poor trailer sway stability or poor tow vehicle
handling. Poor trailer sway stability results from
tongue weights that are too low, and poor tow vehicle
stability results from tongue weights that are too high.
Do not operate a generator, portable grills,
portable heaters, portable lanterns or
portable stoves inside the trailer.
The hitch weight of a loaded trailer (including
cargo) should be between 10-15% of the total
weight of the trailer on a bumper pull trailer.
Never transport people inside your Lance
Trailer. Besides putting their lives at risk, the
transport of people may be illegal.
The hitch weight of a loaded trailer (including
cargo) should be between 20-25% of the total
weight of the trailer on a 5th wheel trailer.
Uneven left/right load distribution can cause tire,
wheel, axle or structural failure. Be sure your trailer
is evenly loaded left / right. Towing stability also
depends on keeping the center of gravity as low as
possible.
WARNING
An improperly distributed load can result in
loss of control of the trailer, and can lead to
death or serious injury.
Proper tongue weight is essential for stable
trailer handling.
Distribute the load front to rear to provide
proper tongue weight.
Distribute the load evenly, right and left, to
avoid tire overload.
Keeping the center of gravity low and
centered is essential to minimize the risk
of tip-over.
16
WARNING
WARNING
Your Lance Trailer is not capable of safely
transporting flammable, explosive, poisonous or other dangerous materials.
Exceptions:
• Fuel in the tanks of vehicles that are being
hauled.
• Fuel stored in proper containers used in
trailer living quarters for cooking.
• Fuel stored in the tank of an onboard
generator.
Inoperable Brakes, Lights or Mirrors
Be sure that the brakes and all of the lights on your
trailer are functioning properly before towing your
trailer. Electric brakes and lights on a trailer are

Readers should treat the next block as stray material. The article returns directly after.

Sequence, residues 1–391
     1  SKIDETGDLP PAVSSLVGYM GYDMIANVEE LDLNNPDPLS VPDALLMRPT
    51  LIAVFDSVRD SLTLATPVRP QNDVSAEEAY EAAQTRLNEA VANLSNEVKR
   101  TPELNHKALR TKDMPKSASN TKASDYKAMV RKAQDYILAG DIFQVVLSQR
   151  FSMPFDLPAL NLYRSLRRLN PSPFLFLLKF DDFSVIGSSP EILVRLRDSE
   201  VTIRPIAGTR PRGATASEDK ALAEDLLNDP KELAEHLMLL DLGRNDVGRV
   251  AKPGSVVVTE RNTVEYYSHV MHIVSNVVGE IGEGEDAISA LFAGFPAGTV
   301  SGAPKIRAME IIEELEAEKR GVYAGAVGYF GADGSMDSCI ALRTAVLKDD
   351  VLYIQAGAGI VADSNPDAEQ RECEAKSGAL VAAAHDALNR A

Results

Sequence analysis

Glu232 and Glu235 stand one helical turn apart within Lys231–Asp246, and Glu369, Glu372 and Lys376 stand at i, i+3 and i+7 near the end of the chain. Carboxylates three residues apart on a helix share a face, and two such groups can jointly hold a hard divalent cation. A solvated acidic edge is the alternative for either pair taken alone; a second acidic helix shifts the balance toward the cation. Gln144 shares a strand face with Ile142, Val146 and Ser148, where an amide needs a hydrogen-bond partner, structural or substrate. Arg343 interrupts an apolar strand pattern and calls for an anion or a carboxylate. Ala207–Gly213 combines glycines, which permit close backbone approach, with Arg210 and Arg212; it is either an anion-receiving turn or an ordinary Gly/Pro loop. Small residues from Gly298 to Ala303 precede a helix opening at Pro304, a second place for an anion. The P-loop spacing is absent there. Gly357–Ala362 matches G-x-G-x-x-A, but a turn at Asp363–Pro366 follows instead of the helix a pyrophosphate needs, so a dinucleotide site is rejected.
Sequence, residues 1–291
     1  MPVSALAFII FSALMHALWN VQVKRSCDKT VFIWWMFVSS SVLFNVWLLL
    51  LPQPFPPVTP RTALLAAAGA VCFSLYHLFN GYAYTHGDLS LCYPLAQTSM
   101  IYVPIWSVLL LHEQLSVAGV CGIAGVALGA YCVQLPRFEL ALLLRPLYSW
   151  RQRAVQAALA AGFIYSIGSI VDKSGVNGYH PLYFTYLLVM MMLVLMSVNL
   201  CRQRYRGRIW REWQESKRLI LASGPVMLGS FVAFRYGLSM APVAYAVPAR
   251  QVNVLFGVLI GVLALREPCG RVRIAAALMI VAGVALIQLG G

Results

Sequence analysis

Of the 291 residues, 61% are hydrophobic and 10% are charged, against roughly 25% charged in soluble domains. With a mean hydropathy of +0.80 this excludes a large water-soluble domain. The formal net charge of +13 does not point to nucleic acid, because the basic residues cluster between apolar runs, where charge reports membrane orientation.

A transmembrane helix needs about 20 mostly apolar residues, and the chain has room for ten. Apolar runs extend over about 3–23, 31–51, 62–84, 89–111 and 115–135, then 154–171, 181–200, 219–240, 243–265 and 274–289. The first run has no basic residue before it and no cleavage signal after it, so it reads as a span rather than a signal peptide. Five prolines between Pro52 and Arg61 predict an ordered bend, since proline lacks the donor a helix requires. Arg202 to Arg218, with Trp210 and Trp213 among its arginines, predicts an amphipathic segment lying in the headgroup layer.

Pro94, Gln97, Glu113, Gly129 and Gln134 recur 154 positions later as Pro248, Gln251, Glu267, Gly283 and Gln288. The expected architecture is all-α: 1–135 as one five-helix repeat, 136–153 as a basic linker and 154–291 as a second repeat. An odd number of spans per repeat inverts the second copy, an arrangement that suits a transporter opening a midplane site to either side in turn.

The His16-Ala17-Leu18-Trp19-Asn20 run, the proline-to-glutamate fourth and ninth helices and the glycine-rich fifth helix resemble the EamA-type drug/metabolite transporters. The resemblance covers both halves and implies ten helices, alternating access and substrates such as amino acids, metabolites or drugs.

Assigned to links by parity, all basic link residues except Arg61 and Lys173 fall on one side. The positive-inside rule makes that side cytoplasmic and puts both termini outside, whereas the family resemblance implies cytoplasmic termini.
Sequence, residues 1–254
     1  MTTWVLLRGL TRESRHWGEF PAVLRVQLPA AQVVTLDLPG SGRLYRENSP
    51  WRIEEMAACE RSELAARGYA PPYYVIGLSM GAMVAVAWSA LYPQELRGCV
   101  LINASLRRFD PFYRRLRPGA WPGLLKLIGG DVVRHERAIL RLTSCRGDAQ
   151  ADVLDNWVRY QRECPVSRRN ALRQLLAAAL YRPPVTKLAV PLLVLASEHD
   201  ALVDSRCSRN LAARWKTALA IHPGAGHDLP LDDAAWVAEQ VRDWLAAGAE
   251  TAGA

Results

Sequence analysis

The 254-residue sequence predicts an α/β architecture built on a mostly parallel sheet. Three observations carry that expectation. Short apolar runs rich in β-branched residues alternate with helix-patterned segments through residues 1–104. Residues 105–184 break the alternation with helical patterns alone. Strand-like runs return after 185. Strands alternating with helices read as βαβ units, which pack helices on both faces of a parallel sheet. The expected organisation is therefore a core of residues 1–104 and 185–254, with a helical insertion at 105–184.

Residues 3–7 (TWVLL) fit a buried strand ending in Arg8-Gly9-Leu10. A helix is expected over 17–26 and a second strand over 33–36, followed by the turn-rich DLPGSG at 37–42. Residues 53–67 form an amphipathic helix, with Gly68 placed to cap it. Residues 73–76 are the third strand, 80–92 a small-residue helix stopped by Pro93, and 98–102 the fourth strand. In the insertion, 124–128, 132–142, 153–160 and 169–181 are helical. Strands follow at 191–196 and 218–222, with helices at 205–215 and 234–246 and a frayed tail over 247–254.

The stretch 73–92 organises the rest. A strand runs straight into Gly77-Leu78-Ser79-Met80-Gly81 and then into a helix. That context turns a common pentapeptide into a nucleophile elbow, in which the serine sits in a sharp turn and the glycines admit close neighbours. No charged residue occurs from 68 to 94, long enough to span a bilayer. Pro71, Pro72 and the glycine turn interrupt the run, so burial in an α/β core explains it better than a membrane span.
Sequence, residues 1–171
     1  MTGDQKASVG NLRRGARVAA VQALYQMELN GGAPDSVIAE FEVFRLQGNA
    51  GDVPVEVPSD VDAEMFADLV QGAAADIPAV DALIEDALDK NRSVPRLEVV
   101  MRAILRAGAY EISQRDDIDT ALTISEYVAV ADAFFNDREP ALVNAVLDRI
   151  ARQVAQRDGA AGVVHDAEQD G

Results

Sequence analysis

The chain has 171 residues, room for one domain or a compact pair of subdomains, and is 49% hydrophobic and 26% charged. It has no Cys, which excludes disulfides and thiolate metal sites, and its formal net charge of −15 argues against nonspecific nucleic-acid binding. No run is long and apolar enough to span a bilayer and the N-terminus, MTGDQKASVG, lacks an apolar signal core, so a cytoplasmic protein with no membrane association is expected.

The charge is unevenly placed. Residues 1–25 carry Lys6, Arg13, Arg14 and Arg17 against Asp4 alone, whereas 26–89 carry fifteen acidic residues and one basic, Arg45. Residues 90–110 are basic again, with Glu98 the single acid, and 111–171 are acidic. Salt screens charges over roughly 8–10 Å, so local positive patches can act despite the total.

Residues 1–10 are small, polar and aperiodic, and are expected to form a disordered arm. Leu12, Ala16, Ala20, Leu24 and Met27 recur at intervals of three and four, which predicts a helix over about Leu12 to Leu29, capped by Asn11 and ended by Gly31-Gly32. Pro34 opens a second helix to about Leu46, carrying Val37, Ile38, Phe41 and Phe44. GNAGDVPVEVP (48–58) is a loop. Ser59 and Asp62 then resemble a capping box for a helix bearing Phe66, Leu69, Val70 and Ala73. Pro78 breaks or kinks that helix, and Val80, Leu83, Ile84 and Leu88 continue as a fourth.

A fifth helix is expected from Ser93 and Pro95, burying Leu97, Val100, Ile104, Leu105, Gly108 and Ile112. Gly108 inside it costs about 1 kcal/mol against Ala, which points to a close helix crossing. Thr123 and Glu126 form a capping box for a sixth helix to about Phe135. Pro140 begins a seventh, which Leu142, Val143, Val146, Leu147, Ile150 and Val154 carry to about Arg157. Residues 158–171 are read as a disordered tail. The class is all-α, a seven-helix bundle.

controlled via a connection to the tow vehicle, generally a multi-pin electrical connector. Check the trailer
taillights by turning on your tow vehicle headlights.
Check the trailer brake lights by having someone
step on the tow vehicle brake pedal while you look at
trailer lights. Check the turn signal lights by operating
the turn signal lever in the tow vehicle.
Your tow vehicle will have an electric brake controller
that sends power to the trailer brakes. Before towing
the trailer on the road, you must operate the brake
controller while trying to pull the trailer in order to
confirm that the electric brakes operate. While towing
the trailer at less than 5 mph, manually operate the
electric brake controller in the tow vehicle cab. You
should feel the operation of the trailer brakes.
WARNING
Failure to connect the tow vehicle lighting
and braking to the trailer will result in inoperable lights and brakes, and can lead to
collision.
Check that all the trailer lights and brakes
work before each tow.
Standard mirrors usually do not provide adequate
visibility for viewing traffic to the sides and rear a
towed trailer. You must provide mirrors that allow you
to safely observe approaching traffic.
Hazards From Modifying Your Trailer
Essential safety items and structural integrity can be